Barbara Cook graced the Wallis Annenberg Center for the Performing Arts on Tuesday, and while the singer wasn't in tiptop form — she needed a cane to walk on stage, sang from a wheelchair and had trouble remembering lyrics — it was hard not to feel privileged hearing her one more time endow the great American songbook with deeply felt introspective life.
At 87, Cook no longer has the vocal resources that she had when she performed at the Walt Disney Concert Hall in November 2012 as a mere 85-year-old. That was one of her finest outings — right up there with the first time I saw her about 15 years ago at the Café Carlyle, where I declared myself a Born Again Cook-ian. (I may have come late to the party but I've made up for it by seeing Cook more times than I've seen any other singer perform.)
Cook is incapable of putting on a bad show because she can't help responding with her whole emotional being to resonant lyrics riding on indelible melodies.
"I can't sing something if I don't understand what it means," she said after pairing a moody version of "Bye, Bye, Blackbird" with a haunting a cappella rendition of "The House of the Rising Sun." The two songs only became part of her core repertoire after she discovered unexpectedly that they share thematic links, and she moved between them as though they were related one-acts.
There was a lot of reminiscing Tuesday in Beverly Hills, so much so that the ratio of patter to performance seemed out of whack. Nearly every song was prefaced with a long and winding anecdote. Some of it was medical in nature — Cook found out through an MRI that she had fractured her back in a fall, hence the temporary wheelchair — though there were also candid tidbits about showbiz greats, both living and dead.
Cook confessed that she finds Barbra Streisand's recent work too "studied" and that she wished Babs were more generous with her stardom, opening herself to younger artists who rightfully revere her. (Apparently when paying her respects to Cook backstage on Broadway a few years ago, she avoided the rest of the company.)
Stephen Sondheim was compared to Shakespeare, Cook remarking with awe on the manifold layers of his lyrics. But she noted that he likes to keep even his friends off-balance. No one can know him, she conceded, though she's grateful to call him a friend.
Richard Rodgers never chased her around his office, she joked, but then she had been tipped off by a friend to be on alert. Watching "Fiddler on the Roof" recently on Turner Classic Movies, she marveled that men as talented as Jerry Bock and Sheldon Harnick could have become part of her life. (So moved was she by nostalgia that she spontaneously started singing "Sunrise, Sunset," turning the theater momentarily into a wedding hall as the audience eagerly joined in.)
This past winter the Wallis has presented a series of memorable concerts showcasing theatrical royalty. In January, Betty Buckley performed one night with her superb band in a bill titled "Ghostlight" after her recent recording produced by her friend, the one and only T Bone Burnett. In February, Patti LuPone, while in town for the L.A. Opera production of "The Ghosts of Versailles," dazzled audiences for two nights with her cabaret act, "Coulda, Woulda, Shoulda … played that part."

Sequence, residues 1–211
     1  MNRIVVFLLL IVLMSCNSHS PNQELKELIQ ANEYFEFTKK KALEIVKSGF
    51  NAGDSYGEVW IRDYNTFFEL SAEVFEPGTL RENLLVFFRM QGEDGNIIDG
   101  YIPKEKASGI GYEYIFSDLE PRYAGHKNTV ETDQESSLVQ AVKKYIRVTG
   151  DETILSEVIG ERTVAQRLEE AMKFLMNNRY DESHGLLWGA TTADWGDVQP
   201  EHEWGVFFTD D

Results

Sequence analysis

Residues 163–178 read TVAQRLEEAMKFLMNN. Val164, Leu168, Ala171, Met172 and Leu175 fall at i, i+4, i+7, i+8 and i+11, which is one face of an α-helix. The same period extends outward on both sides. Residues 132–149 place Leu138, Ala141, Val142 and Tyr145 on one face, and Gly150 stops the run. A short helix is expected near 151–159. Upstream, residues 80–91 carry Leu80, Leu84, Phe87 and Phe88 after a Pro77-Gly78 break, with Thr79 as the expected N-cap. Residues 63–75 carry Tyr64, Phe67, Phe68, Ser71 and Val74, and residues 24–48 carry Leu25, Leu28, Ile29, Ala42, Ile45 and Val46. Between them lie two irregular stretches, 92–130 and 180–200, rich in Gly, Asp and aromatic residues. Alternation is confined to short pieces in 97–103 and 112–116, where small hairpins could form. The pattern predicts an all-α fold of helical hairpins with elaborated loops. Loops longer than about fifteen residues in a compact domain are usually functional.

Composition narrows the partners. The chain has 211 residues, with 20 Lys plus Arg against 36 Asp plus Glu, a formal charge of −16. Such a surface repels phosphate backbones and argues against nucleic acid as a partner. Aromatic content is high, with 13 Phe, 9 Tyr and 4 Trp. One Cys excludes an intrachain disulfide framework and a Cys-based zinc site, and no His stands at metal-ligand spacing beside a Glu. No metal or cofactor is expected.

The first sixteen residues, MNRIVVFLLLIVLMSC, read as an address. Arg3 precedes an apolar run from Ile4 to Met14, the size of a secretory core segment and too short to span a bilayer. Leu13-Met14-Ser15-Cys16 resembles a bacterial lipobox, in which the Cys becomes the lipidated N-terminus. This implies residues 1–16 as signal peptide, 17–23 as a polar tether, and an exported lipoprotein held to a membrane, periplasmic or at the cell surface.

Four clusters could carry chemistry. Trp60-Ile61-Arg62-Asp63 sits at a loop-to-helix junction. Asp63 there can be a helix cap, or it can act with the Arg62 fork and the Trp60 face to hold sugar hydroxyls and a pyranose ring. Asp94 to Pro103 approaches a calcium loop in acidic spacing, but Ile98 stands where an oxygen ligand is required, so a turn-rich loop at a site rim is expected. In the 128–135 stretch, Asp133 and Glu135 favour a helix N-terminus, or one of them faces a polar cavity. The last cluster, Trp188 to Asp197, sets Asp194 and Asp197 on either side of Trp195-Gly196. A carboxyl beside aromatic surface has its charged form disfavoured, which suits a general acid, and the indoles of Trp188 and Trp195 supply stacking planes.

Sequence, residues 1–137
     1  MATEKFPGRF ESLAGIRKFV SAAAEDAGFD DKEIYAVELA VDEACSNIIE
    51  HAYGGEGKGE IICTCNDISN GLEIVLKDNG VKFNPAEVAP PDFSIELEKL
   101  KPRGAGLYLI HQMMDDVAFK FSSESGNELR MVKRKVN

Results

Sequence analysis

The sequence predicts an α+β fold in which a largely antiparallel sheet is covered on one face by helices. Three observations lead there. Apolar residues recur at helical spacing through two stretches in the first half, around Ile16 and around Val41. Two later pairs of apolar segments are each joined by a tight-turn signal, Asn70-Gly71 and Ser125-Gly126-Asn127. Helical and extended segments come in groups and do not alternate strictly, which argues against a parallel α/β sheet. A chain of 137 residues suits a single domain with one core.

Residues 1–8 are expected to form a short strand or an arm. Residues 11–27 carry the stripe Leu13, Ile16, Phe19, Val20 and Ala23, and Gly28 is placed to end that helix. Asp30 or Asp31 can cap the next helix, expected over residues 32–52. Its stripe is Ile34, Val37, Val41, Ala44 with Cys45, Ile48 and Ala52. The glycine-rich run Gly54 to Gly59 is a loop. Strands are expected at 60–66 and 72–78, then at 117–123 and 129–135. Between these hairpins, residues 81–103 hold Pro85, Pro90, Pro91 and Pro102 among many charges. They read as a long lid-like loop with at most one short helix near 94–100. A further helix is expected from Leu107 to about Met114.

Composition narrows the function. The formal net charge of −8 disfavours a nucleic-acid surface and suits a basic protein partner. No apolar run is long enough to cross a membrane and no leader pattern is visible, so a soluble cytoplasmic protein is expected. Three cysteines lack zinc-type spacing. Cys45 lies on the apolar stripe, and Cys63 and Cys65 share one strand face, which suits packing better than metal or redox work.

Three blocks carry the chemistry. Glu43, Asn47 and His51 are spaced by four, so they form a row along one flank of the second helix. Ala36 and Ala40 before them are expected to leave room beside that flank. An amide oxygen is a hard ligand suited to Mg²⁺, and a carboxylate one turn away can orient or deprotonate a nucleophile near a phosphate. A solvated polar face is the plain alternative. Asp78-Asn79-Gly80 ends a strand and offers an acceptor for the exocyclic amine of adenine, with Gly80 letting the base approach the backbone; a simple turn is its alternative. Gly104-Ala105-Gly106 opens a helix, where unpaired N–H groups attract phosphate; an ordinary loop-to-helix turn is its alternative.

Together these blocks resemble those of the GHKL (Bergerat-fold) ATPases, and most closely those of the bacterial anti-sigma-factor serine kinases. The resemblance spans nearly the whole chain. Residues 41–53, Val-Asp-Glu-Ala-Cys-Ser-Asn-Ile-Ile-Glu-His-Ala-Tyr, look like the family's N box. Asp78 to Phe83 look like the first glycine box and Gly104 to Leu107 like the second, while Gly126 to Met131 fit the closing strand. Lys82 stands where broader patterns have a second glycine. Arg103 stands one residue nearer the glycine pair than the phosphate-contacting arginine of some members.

These women are a generation younger than Cook, but they clearly have benefited from her majestic example. What time has stolen from the soprano who lit up the original Broadway productions of "Candide," "The Music Man" and "She Loves Me," it has replaced with interpretive depth and maturity.
Buckley, adopting a jazzier approach to singing, bowled us over with her impressive musicianship and personal grace. LuPone, who can still belt as big as ever, is the consummate Broadway baby. If she has become chary with her coloratura, she made up for it with her musical-comedy spirit and virtuosity. What's more, she proved that she can still bring a house to tears with "Don't Cry for Me Argentina," her signature imperial ballad from "Evita."
Like Cook, Buckley and LuPone don't deliver songs so much as slip into them as though they were dresses made exclusively for them. Whenever Cook's band (expertly led by pianist and music director Lee Musiker) began playing a song, you could actually see her transport herself to another reality.
A reality constructed by gifted songwriters but inhabited uniquely by her. Cook Method-acts her numbers, drawing on her difficult Atlanta childhood, her showbiz travails and triumphs and the pileup of losses that, as she pointed out, are the price one pays for being lucky enough to grow old.
Every singer working today should flock to her master class in husbanding genius. Her longevity is no accident, but neither is the cult that has built up around her. She gingerly handled "Georgia on My Mind," but when she finally applied power to the name "Georgia," she made it count — cry is more accurate — in a way I've never experienced before.
The art of singing, she explained, should "make you hear the song again." Cook underestimates her power: She allows us to experience standards as though they were newly written.
At once timeless and time's captive, she brought childlike wonder to "Makin' Whoopee," joyful grown-up gratitude to "I Got Rhythm" and retrospective wisdom to "No One Is Alone" from "Into the Woods."
"Sometimes people leave you halfway through the wood" — she reflected upon the Dantesque meaning of Sondheim's line, but she needn't have said a word. Her singing illuminated everything she knew and felt.